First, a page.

A Blog Post About China’s Floral Emblem, the Peony

Peony: The Secrets behind China's Symbolic Flower

February 6, 2017

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Chinese, English

Hello again, Naho here. Summer is finally here, and so is my queue to get on a diet. Every girl dreams about being beautiful, and I guess I'm no exception.

As an old Chinese and Japanese saying goes, "she stands and sits a peony and walks a lily". The flower of peony has long been a symbol of beauty in China. Considered one of the floral emblems of the country, the peony has a special status in the hearts of Chinese people, from emperors to artists. Today, I would like to explore the secrets behind the long-lasting popularity of the Chinese peony.

The "King of Flowers": Adored by Generations of Emperors

The peony is a beautiful flower with eye-catching petals that look like the frills of a skirt. With such dazzling appearance, it is difficult to imagine that the flower is also well-known as a medicinal herb. In traditional Chinese medicine, dried root bark of peonies is famous for being effective at reducing inflammation and pain.

In China, peony has been cultivated as a medicinal herb since the year 200, and for over a thousand years it has been adored by generations of emperors and people of China. Especially, the flower is widely known for being the favorite flower of Emperor Xuanzong and Empress Yang of the Tang Dynasty.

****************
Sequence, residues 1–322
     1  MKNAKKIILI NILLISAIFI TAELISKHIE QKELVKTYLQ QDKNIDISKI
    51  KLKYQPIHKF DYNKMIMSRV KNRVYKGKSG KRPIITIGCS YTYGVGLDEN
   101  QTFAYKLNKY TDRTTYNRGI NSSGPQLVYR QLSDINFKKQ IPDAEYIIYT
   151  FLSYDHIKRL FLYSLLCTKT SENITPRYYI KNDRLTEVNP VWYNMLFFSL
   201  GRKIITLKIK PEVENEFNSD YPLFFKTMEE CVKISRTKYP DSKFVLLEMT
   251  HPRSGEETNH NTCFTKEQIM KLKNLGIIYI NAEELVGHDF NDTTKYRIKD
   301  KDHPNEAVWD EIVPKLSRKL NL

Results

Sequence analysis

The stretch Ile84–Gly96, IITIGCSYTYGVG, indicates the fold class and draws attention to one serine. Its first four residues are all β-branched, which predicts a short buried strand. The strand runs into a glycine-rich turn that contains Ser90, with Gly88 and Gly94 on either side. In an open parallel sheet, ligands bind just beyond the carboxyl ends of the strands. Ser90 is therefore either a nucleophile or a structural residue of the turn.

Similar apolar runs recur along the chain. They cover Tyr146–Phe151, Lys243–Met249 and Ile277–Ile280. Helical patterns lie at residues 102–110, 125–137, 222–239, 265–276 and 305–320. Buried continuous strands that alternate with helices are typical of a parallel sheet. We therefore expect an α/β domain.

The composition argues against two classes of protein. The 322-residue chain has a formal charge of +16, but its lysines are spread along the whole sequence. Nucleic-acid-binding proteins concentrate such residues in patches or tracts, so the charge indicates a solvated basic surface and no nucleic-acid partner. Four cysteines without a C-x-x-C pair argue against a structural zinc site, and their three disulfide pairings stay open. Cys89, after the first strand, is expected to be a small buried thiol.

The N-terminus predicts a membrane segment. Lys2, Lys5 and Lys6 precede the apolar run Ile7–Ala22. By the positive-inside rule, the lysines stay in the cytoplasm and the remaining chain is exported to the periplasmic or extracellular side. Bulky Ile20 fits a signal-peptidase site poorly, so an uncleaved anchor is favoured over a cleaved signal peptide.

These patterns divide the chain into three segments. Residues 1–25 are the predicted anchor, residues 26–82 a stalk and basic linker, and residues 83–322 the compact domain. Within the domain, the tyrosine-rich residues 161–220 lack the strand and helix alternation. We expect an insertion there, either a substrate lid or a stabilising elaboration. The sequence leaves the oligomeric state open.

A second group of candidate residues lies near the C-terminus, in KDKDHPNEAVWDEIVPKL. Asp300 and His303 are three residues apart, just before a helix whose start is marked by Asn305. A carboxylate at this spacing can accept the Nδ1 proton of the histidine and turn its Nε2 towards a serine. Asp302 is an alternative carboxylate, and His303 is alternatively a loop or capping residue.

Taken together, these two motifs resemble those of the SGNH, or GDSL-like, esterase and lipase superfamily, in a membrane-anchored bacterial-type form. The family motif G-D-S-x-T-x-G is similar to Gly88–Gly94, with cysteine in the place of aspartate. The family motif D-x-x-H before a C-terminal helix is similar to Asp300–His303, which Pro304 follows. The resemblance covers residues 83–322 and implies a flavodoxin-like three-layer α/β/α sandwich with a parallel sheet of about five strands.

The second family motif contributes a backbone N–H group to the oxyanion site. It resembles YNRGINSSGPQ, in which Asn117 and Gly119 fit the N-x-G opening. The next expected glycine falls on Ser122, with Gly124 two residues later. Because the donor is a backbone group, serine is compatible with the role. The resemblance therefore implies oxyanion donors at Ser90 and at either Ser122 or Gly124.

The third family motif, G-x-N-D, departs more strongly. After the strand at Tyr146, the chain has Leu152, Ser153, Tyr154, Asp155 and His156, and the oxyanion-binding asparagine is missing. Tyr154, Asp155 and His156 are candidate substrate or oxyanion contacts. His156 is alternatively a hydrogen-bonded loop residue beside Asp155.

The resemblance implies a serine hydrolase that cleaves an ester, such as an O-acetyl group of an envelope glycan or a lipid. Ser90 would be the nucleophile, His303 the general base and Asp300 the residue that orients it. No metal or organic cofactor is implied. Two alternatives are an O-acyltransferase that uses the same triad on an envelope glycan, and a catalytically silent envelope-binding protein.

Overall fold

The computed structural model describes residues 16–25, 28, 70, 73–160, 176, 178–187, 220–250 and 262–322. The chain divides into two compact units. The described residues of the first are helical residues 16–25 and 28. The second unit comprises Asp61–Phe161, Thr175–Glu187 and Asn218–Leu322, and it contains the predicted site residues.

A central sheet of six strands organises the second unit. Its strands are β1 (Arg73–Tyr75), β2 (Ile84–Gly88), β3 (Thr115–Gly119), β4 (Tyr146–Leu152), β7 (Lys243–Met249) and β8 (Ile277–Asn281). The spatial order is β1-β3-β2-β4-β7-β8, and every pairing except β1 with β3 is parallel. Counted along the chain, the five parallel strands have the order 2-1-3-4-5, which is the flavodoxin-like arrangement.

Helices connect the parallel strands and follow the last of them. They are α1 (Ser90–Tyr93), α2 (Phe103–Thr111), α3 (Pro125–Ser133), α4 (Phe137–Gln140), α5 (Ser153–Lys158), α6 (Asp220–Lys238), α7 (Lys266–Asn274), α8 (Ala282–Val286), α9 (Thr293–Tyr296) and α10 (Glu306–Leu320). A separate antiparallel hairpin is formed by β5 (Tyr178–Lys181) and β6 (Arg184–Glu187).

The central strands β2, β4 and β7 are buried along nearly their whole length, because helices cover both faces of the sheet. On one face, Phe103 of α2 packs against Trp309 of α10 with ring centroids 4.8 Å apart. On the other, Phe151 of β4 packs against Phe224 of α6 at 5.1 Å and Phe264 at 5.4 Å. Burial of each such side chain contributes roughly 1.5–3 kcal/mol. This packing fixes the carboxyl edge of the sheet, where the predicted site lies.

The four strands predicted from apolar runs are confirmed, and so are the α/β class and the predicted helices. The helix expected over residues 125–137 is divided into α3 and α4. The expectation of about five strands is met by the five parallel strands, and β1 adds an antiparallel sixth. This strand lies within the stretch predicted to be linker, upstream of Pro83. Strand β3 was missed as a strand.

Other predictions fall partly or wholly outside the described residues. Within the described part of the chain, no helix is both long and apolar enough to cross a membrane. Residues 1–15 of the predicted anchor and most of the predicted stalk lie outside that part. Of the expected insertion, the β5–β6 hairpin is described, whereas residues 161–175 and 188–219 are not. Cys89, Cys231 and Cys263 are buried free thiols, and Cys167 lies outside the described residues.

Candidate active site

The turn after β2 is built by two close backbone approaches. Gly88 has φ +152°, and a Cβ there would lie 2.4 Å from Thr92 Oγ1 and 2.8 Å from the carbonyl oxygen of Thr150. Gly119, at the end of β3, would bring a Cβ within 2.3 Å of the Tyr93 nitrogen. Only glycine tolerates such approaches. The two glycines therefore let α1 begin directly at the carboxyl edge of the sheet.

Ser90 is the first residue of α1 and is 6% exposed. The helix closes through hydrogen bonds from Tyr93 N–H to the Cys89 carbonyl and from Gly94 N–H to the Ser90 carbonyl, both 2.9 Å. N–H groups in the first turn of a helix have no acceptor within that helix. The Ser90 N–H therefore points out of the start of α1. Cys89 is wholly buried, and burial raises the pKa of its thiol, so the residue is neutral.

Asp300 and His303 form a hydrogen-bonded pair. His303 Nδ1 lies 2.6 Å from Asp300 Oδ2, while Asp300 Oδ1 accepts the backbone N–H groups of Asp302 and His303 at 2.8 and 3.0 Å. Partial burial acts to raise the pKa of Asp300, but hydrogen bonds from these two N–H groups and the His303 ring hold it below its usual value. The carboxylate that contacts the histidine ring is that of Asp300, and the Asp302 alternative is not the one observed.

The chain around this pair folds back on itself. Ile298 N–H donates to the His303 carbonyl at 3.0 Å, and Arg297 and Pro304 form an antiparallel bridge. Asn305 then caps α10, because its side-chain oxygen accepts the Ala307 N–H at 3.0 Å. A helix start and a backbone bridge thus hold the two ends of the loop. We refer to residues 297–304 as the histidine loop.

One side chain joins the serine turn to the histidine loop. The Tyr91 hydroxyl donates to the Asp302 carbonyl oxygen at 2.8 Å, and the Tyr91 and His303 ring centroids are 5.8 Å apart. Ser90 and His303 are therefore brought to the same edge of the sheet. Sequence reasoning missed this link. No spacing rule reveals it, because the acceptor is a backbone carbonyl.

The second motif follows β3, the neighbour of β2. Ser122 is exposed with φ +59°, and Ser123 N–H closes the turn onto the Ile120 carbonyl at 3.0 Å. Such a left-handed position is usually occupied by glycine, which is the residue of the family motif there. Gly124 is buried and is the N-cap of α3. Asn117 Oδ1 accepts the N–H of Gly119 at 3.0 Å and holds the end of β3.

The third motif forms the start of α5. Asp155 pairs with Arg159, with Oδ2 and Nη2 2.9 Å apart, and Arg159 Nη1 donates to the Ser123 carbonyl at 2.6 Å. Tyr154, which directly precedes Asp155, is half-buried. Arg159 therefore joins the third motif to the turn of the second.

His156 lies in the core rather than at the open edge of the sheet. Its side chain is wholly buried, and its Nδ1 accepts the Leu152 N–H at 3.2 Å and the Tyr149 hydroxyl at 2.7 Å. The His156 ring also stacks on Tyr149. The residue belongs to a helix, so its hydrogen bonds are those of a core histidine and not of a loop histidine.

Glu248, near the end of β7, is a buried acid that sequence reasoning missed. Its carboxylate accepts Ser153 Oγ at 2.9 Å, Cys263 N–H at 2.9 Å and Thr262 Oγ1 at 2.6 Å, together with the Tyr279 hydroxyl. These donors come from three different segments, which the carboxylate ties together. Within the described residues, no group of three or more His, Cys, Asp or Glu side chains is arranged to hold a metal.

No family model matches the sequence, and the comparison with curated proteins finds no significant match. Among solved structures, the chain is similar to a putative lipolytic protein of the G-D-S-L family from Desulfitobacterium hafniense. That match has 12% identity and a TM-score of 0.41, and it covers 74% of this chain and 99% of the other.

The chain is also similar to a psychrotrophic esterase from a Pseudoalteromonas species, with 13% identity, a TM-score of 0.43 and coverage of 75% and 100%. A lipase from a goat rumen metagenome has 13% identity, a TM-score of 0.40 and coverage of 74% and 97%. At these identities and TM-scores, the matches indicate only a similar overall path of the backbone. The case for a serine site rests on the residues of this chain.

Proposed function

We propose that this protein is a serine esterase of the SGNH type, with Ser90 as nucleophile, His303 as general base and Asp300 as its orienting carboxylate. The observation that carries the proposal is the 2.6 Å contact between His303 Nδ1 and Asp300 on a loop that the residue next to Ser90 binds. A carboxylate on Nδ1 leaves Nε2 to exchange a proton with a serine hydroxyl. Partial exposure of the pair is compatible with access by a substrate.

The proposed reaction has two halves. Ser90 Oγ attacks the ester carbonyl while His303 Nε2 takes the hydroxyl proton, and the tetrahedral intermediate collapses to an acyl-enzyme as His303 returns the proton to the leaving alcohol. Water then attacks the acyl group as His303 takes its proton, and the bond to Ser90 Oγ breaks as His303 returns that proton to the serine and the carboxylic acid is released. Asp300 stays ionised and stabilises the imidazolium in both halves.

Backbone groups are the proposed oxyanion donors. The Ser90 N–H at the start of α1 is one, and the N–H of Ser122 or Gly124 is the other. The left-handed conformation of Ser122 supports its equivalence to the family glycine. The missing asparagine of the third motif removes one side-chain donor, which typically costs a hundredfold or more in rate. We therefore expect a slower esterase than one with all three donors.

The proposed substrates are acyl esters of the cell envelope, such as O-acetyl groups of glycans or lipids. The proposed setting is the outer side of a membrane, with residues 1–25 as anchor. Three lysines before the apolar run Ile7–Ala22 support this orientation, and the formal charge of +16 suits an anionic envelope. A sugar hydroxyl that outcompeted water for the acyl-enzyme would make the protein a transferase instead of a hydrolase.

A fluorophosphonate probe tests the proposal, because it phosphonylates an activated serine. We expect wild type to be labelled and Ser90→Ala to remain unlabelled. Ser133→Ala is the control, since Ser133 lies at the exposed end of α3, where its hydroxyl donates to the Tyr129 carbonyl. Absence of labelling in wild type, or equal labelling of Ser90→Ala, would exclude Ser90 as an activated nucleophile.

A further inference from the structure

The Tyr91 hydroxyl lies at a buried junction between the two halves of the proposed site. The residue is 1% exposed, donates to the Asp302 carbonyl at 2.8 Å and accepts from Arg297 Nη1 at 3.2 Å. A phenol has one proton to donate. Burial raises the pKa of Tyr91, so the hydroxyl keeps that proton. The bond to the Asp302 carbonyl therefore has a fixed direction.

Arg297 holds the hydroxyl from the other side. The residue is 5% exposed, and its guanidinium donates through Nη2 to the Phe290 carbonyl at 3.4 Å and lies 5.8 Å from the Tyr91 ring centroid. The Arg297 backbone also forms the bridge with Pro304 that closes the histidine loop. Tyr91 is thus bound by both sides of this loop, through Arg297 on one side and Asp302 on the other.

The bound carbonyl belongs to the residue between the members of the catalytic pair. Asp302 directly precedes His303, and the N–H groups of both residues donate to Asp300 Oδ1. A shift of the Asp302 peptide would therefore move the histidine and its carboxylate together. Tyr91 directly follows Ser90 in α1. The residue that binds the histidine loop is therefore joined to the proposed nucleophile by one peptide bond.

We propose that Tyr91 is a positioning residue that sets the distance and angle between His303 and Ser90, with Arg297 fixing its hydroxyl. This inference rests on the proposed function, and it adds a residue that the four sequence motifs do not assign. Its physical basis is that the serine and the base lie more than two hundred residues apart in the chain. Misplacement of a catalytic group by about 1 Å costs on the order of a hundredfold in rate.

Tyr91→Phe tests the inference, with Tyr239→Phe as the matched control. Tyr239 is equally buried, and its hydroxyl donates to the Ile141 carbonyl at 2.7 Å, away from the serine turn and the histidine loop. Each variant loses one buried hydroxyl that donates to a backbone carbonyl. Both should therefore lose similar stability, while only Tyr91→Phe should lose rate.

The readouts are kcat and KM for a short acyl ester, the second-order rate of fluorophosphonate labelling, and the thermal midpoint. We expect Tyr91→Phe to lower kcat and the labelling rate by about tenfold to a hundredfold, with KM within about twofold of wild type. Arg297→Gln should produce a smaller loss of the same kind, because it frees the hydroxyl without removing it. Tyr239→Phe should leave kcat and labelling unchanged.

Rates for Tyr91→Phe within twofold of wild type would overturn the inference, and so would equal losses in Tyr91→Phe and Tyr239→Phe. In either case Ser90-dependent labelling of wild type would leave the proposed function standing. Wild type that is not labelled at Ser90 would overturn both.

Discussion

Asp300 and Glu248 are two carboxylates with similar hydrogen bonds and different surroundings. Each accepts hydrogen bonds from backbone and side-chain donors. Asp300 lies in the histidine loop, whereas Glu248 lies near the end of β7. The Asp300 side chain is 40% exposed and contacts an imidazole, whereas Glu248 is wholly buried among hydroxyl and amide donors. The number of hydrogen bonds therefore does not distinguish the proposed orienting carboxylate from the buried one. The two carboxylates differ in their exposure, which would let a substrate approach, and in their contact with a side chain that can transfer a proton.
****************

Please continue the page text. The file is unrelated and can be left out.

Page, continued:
In all its glorious history, the peony was honored by the Chinese as "Huawang" (King of Flowers). It comes with such cultural significance that no other flower could possibly rival it, and it seemed only natural that the peony became one of China's symbolic flowers.

The Peony's Many Representations in Art

The captivating beauty of peonies gripped the hearts of numerous Chinese artists. In one of his poems, Li Bai compared Empress Yang's beautiful visage to an exquisite flower of peony, and the flower often appeared as one of the key subjects in Chinese literature.

A famous Japanese ghost story called Botan Dōrō ("牡丹燈籠": The Peony Lantern), is also believed to be an adaption of the Chinese Mudan Dengji ("牡丹灯记": Tales of the Peony Lantern), a short novel written during the Ming Dynasty.

The figure of a peony is not only appreciated in literature, but also widely used in the visual arts. For example, Senshi (paper-cutting) is a unique type of traditional Chinese folk art where red papers are carved into different patterns, and the peony is one of the most popular designs as it is believed to represent wealth and longevity in China. Today, peonies can still be seen on postal stamps, and the beautiful motif is said to have gained the flower great attention from stamp collectors.

The Peony's Bashful Red?

The Japanese word for "peony" is "botan" (ボタン). The flower is famous in Japan for its use in fragrances and herbal medicine. Often found in perfumes and cosmetic products, the gentle, sweet aroma of peonies is often treasured in the beauty industry.

The brilliant red color of a peony makes it look like the face a bashful person, maybe that's where the expression of "to blush like a peony" comes from. I personally find this expression truly adorable, just the like the flower itself!

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